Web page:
If they are talking to another child there is a risk that they will misuse this information - for example, by texting abusive messages to the child, or by posting their image on a website; but there is obviously a greater risk if the person that they are chatting to is an adult. Unfortunately, paedophiles - adults who want to meet young people for sex - use the internet, often with the intention of talking with and meeting a child.

What is Instagram?

Instagram has a minimum age limit of 13.

Instagram is a photo-sharing app with a lot of emphasis on the sharing – more like photo-enhanced socialising. It's a way of communicating mainly through images. Children like taking, enhancing, sharing and commenting on photos - but they're not just commenting; they're socialising with photos, creating ongoing mixed-media conversations that include plenty of likes and links.

What are the risks of using Instagram?

The main things parents should worry about are similar to other social media: mean behaviour and inappropriate photos that can hurt a child’s reputation or attract the wrong kind of attention. 

What's the best way to help children stay safe in Instagram?

Respecting ourselves and others makes us safer. Respecting others in the way that photos are shared, tagged and commented on reduces risk to ourselves and to others. Parents may want to be sure their children aren't posting provocative photos or having inappropriate interactions with people they don't know.

Should my child's profile be private?

Having a public account on Instagram means anyone can follow you. A private account means strangers can't follow you. That doesn't, though, guarantee that your child won't be seen on Instagram (or any other photo-sharing service) because people post photos of each other. So even if your child doesn't have an account, that doesn't mean they won't appear in a photo on Instagram. This means it's much better for children to be aware of the implications of posting pictures of other people without their permission and to be clear about what to do if they're unhappy with images that have appeared of themselves.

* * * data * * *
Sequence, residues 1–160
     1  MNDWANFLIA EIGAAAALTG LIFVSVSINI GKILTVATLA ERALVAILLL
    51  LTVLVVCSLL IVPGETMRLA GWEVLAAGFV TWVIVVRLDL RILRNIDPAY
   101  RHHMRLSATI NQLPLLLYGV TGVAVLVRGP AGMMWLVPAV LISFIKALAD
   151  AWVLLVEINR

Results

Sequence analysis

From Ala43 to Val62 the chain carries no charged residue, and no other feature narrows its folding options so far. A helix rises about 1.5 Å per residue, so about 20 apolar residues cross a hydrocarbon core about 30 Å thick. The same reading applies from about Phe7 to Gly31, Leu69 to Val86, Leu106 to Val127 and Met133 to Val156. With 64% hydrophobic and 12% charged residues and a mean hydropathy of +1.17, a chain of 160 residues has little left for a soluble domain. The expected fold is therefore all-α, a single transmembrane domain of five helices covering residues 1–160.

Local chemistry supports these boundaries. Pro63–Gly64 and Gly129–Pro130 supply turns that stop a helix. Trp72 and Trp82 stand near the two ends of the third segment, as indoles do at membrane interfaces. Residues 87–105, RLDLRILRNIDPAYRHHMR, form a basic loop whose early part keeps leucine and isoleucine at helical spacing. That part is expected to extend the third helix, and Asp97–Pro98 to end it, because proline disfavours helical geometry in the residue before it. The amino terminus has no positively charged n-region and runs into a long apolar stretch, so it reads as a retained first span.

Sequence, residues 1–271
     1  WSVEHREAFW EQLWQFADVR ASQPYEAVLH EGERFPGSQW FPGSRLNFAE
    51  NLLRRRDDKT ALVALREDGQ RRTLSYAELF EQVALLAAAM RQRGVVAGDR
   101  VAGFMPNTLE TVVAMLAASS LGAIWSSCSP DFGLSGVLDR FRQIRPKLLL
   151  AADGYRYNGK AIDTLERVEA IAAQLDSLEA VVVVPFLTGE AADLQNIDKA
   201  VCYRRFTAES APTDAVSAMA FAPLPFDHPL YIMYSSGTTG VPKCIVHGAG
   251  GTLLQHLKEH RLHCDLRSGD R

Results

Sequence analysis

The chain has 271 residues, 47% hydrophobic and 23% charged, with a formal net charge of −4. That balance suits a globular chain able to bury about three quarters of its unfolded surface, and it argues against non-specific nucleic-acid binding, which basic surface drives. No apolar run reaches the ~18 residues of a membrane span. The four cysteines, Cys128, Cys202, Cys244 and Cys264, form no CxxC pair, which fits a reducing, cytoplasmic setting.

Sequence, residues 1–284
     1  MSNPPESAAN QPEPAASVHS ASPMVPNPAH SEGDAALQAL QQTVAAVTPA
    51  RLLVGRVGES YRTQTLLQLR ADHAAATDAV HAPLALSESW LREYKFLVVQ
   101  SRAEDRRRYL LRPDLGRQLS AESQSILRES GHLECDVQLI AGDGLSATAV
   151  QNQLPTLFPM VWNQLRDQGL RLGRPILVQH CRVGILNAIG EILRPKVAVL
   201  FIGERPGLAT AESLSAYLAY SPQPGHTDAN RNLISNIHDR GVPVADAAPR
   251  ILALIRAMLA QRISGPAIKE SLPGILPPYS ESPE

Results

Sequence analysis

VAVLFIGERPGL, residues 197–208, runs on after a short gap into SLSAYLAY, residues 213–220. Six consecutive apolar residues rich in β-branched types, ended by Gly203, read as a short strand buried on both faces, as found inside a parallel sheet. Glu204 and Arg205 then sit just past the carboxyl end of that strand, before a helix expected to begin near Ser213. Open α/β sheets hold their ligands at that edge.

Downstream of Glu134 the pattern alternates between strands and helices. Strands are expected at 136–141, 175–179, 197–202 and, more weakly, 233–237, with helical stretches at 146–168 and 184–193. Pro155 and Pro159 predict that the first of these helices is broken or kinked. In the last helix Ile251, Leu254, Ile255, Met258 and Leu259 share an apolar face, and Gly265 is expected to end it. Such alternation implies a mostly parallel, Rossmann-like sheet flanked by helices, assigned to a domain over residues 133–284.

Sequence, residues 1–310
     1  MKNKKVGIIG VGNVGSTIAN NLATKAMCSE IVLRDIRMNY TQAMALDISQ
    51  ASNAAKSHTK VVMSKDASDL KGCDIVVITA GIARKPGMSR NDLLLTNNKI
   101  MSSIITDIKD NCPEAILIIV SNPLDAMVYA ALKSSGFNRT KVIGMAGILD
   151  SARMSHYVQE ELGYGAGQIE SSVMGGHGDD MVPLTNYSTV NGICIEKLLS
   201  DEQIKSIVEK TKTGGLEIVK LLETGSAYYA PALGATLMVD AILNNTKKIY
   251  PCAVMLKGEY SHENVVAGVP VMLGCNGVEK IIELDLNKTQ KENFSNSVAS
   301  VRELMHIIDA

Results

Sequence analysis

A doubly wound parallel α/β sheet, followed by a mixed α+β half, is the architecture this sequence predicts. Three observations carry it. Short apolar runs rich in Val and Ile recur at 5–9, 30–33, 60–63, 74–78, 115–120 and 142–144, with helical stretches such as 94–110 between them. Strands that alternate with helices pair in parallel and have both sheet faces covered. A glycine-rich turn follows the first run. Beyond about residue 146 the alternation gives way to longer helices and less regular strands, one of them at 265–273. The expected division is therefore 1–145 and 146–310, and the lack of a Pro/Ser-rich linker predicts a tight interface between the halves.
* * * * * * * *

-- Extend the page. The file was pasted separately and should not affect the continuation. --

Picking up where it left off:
Minimum age limit of 13.

You've probably heard about Snapchat. It's the popular mobile app that allows you to send videos and pictures, both of which will delete after a few seconds of a person viewing them. Because the pictures and videos you send can only be viewed once, it’s easy to get careless. However, if you keep a few things in mind, it’s easy to stay safe with Snapchat while having a great time! 

Are pictures really deleted?

The false sense of security comes when users think their pictures are automatically deleted. Unfortunately, individuals have learned how to save screenshots through the phone itself or by taking a picture with another phone, therefore saving the picture from deletion. It is also common for users to take screenshots and post them on social media sites. 

Only take approrpiate photos

Remember that people can take screenshots of any picture you send them, and save it to their camera roll forever. Also, remember that you never know who your friend will be with when they open your Snapchat, so make sure that you do not send private information!

Keep it friends only

One of the most important aspects of using this app is to make sure you limit pictures to your friends and people you can trust. When you allow people who aren’t your friends to send you pictures or receive the ones you send, you are putting yourself at risk for receiving pictures that can get you in trouble. The safest thing to do is limit the use of this app to your closest friends.